However, by following these six practical strategies to handle bad beats in poker, you’ll be equipped with the right tools to weather the storm of bad luck and get back into your best poker form by the next hand.

1. Accept that Bad Beats WILL Happen

There are no two ways about it: bad beats ARE going to happen. That is not a cliché; it is just a fact of life, just as death and taxes are. You can have a hand with a 90% chance of winning going into a flop and STILL lose some of the time.

Therefore, the first thing you need to acknowledge and accept is the fact that there WILL be bad beats. Accepting their existence is the first step to staying emotionally balanced even after getting on the wrong end of a bad beat. Likewise, appreciate the fact that you will be on the right end and suck out another player with one of your own.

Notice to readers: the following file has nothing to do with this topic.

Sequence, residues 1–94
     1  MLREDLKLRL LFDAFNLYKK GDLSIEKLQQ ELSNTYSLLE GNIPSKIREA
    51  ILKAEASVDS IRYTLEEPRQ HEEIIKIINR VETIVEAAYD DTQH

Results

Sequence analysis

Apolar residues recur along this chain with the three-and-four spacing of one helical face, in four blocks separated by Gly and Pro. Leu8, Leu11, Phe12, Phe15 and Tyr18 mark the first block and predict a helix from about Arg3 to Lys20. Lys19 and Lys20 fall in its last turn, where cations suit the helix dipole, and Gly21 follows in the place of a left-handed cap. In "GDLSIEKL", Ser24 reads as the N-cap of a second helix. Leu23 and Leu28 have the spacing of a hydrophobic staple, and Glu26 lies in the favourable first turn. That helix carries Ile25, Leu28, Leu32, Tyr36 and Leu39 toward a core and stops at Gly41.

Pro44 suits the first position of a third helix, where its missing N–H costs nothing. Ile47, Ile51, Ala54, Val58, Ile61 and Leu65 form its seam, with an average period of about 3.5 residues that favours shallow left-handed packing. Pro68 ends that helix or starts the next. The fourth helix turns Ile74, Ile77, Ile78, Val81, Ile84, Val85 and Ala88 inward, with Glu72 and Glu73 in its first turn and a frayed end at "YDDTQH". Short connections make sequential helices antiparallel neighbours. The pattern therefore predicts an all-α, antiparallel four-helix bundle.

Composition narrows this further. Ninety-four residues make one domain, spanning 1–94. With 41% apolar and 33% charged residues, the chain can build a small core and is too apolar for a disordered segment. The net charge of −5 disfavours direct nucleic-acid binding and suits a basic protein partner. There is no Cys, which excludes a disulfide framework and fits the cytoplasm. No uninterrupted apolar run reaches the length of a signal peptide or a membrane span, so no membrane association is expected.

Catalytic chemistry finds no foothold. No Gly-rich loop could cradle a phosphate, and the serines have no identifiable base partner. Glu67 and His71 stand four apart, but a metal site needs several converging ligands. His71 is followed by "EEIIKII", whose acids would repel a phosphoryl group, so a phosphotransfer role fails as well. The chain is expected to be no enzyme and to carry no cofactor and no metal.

Ultimately, the probability of hitting four of a kind (or “quads” in poker parlance)—or a better hand—and STILL losing is approximately 1 out of 2,000,000. Think about how tiny that is: you’d have to play an average of 2,000,000 hands before you could see a hand of quads get beaten. As you can see, the probability of a bad beat is low, but it isn’t zero, and it never will be. They can happen, but probability resets after every round. Don’t let a bad beat shake you—stay focused on your game.

2. Don’t Chase Losses after Bad Beats

You can get easily flustered after a bad beat. But that’s exactly why you should rein in your emotions and avoid the temptation to go full tilt. When you’re on tilt, you can end up chasing losses—and that’s a common mistake that can get you on a downward spiral of even more losses.